Four cities in Westchester County of New York are pursuing “gigabit Internet.” Yonkers, Mount Vernon, White Plains, and New Rochelle are all actively seeking proposals for the installation of the service to be implemented in the next three to five years. Google Fiber is one of the more well-known gigabit providers offering service in 23 cities. However, there are more options including telecom companies like AT&T, Verizon and Comcast, as well as municipally owned models. For those of you who may not be all that familiar with “gigabit Internet” and what this all means I have provided a quick run down of the details.
First, a gigabit is a unit of measurement equal to one billion bits. Therefore, gigabit Internet is one billion bits of information downloaded every second! The fastest internet download speeds available to most of the country is around 100 megabits per second—in other words, ten times slower than gigabit internet and the average speed for the country is 72 mbps, fourteen times slower.
The benefits of Internet that fast are realized more often in business rather than in residential communities. Unless you were a real hardcore gamer gigabit Internet may be considered unnecessary in the common household. However, the proposal in Westchester could allow over 160,000 households access. But the real value of gigabit Internet is its abilities to help economic development in cities.
Chattanooga, TN is a prime example of a municipally owned service with a large impact. With the installation of gigabit Internet by EPB, more and more technology-based companies have been vying to setup their industry in the Chattanooga. More companies moving into the city means more economic growth in other areas like restaurants, bars, and local businesses. Gigabit Internet is more than just faster Internet it causes a trickle down effect that impacts an entire communities’ growth and prosperity.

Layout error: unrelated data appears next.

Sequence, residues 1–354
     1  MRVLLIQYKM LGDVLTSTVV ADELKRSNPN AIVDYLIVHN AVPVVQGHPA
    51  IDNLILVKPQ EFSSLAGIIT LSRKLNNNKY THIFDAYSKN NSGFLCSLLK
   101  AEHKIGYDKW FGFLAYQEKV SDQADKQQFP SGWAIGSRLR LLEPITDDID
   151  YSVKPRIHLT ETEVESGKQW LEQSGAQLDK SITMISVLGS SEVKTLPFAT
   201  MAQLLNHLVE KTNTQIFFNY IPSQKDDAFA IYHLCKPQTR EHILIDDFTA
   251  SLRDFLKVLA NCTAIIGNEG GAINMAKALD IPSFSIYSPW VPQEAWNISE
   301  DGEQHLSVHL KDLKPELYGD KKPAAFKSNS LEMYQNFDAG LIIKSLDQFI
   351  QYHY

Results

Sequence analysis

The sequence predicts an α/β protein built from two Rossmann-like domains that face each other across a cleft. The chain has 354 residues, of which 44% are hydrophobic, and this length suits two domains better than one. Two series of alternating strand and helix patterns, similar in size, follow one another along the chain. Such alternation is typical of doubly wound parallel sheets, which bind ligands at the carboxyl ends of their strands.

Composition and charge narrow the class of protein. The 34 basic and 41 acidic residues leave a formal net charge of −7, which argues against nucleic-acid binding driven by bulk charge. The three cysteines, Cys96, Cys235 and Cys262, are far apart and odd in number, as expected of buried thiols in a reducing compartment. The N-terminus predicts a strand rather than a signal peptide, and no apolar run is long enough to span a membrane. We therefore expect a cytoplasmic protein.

Now you might be asking, “Well, that sounds pretty great, why doesn’t everyone sign up for this?!” There a few factors to consider when looking at the prospect of installing it. First, these fast download speeds are dependent on the source you are downloading from– your download is only as fast the source’s server can handle. Furthermore, if you have an older laptop or computer it may not be able to handle 1 billion bits per second.
The second major factor to consider is cost. Officials in Westchester estimate that the installation could cost up to $750 million—more than double what it cost in Chattanooga ($330 million). The final decision requires an analysis of whether the costs outweigh the benefits. If you use Chattanooga as an example though, with the installation of gigabit Internet the city saw its unemployment rate go from 7.8 percent to 4.1 percent in six years. Those are pretty good numbers—numbers that mean fewer people out of work, more money cycling back into their economy, new industries entering the region and a general economic growth… just imagine the impact it could have on a place the size of Westchester County.